Harper Finishes Strong; McCain's got one last chance

Welcome back!
Stephen Harper has to be relieved at tonight's election results. Although he didn't get a majority, he was able to substantially strengthen his position, with a high minority, and he will be able to govern with more confidence. It will now take three parties to defeat him instead of two.

The night was a debacle for the Liberals and for Stephane Dion personally. However, the last few days have been rough for the Liberals and fortunate for the Conservatives.

How did this happen? Several factors led to the results:

1. Stephane Dion's interview debacle on CTV Atlantic (ATV) took him off message [see my previous blog below] and shook the confidence of wavering voters, who always had lingering questions about his leadership capacity. Although it may have been unfair, the perception was so negative that his aides tried to stop the 'do-overs' from being shown. Rightly so. Any doubts about Mr. Dion's sensitivity to the 'unfairness' of that interview was underscored as he fended off questions from CTV reporter Roger Smith by saying, "the last network I would give an interview to would be CTV. " Ouch. [correction: Dion's exact words were "The last person I would speak to first is CTV."] Although mangled in syntax, it was accompanied by a push from Dion to the reporter and an angry tone. It was clear he was furious with the network for what he felt was bad treatment by the network on the controversial 'do-over' issue. See for yourself:

Mr. Dion is a decent man who deserved a better fate than this, but politics is a tough business and his Green Shift plan was a difficult sell at this time - or possibly at any time! He didn't have the personality and ease to connect with people. He exceeded expectations in this campaign - not just because they were so low before - but also because people could see his essential decency. They just don't see him as a leader.

2. The $25 billion infusion by the Government into the banks' mortgage portfolios - although late in the game - was seen by undecided voters to have been the right thing to do. This was reinforced by the record surge in the Toronto Stock Exchange as voters were going to the polls.
3. Mr. Dion could not seem to connect with Ontario voters, and his loss there was the Tories'and NDP's gain. The Conservatives were up 9, the Liberals down 13 and the NDP up 4.

4. The Green Party votes did not match the polling numbers and it seems like, in the final days, a number of their potential supporters took the hint from their Leader, Elizabeth May, and engaged in strategic voting.

5. The NDP did very well. They were able to target their votes in key ridings, resulting in an 8 seat gain - their best effort since the heyday of Ed Broadbent.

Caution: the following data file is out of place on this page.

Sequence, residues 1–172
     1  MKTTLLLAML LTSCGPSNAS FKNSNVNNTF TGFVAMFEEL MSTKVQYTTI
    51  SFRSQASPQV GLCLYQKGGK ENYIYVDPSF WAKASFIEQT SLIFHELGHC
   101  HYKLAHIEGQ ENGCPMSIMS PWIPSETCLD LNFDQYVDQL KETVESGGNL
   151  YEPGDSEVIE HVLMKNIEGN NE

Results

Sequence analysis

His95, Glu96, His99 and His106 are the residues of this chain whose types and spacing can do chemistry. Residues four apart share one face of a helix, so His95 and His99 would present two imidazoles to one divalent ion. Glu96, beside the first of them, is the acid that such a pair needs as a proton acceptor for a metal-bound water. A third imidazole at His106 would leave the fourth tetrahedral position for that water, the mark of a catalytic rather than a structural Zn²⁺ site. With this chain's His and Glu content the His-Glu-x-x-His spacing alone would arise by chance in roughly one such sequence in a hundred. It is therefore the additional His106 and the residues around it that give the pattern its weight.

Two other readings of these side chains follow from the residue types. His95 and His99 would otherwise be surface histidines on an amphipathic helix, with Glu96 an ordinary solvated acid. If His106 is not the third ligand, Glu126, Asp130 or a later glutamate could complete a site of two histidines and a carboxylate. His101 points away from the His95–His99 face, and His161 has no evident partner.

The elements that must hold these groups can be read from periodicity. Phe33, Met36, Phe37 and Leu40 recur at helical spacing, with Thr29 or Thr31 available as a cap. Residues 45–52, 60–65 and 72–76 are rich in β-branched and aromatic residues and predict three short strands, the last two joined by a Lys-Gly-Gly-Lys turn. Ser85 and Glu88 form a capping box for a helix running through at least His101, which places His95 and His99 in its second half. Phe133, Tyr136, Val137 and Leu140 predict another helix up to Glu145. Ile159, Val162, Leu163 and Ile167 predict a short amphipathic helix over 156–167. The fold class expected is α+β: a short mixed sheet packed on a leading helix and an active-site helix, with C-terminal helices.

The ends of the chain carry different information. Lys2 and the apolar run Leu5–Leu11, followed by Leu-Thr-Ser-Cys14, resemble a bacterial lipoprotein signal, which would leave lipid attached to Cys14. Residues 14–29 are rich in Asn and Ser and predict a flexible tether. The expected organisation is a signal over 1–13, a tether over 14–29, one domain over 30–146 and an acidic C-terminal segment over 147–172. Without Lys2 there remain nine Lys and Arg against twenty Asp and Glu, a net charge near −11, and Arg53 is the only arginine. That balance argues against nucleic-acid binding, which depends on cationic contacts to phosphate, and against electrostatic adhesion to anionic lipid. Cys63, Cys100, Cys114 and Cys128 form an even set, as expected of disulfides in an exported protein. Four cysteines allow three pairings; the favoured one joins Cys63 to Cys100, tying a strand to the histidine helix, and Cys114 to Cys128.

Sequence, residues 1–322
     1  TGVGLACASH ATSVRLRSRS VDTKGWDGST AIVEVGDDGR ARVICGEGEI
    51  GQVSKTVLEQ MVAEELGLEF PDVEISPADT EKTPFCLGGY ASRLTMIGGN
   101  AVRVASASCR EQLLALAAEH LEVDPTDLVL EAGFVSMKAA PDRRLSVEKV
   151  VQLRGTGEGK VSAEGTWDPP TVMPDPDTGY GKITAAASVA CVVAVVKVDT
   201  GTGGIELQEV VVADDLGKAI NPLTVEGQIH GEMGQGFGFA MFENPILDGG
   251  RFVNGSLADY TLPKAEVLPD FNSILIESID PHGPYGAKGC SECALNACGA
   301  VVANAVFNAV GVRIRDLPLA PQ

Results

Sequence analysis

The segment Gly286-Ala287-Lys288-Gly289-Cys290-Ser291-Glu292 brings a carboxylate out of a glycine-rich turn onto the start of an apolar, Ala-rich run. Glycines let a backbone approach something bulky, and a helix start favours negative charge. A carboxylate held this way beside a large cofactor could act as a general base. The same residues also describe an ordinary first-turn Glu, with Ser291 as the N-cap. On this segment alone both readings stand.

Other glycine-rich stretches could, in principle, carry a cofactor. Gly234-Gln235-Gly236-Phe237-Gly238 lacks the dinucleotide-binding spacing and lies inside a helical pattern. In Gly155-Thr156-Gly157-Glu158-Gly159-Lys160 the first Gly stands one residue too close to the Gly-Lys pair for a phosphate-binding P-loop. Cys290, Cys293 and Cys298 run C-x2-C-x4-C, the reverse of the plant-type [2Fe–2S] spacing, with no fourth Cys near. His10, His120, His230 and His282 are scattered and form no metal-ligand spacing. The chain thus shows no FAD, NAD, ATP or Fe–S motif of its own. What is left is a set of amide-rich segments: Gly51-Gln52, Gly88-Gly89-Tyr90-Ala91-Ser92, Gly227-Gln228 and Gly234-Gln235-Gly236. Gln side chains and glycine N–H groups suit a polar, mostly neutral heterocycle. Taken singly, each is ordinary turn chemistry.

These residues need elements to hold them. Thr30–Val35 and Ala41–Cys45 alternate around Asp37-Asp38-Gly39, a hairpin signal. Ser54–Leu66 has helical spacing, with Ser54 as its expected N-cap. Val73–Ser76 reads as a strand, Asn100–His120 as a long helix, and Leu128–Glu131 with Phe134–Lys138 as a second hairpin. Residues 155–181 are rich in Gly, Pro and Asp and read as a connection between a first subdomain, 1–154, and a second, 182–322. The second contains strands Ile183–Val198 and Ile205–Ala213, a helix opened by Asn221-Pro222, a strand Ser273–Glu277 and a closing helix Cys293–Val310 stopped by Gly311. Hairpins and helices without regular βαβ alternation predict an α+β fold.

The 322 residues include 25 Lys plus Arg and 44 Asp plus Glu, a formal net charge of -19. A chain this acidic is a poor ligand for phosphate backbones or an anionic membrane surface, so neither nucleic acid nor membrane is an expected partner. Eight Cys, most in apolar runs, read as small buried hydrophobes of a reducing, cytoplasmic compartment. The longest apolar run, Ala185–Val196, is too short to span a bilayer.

One of the key results of the election was that, due to the collapse of the Liberal vote, the combined Liberal-NDP seat count was not nearly enough to pose a possible coalition. So we could be at the polls again within the next two years, once the Liberals hold their leadership convention.

So congratulations to Stephen Harper and the Conservative team. They had a rocky journey but can definitely claim, that in the midst of unprecedented global economic turmoil and stock market meltdown that would normally impale any sitting government, they were able to pull off a strong performance. The Prime Minister had a statesmanlike victory speech, reaching out to the 2 independent MPs with an olive branch [why not? he's going to need them on some tight votes], and a high road message to all who threw everything at him.

That's one down and one to go - south of the border.

Preview of The Final Presidential Debate

Wednesday night is do-or-die night for John McCain. He needs to clearly and effectively set out his economic plan for Americans who are angry and frightened about what has happened. He needs to clearly contrast his approach to Barack Obama's, without being nasty. He has to look and sound Presidential.

He should drop his rumored plans to attack Obama's contacts with Bill Ayers. They are past it, and bringing it up will only backfire, as it will say more about McCain than about Obama. Talk about what people care about. Speak for them not just to them.

Looking forward to that one for sure!

Until next time....

1 comment:

  1. Good points Barry - and you may be too modest to point out that you have advised many political leaders of all stripes how to conduct themselves in public with the media and in televised debates - so let me do that for you!

    I also agree very much on McCain - who I placed early bets on to win despite the Obama-mania. His campaign has been pretty bad but McCain still has a real chance - especially when you consider the low voter turnout in the US that favours the Republicans and the US Electoral College - which means total votes don't determine who is president.

    McCain has to do as you say and stop the wild and desperate-looking attacks - he has to go back to being the Republican maverick that got him the nomination and start acting like the president Americans want - and don't have in George Bush.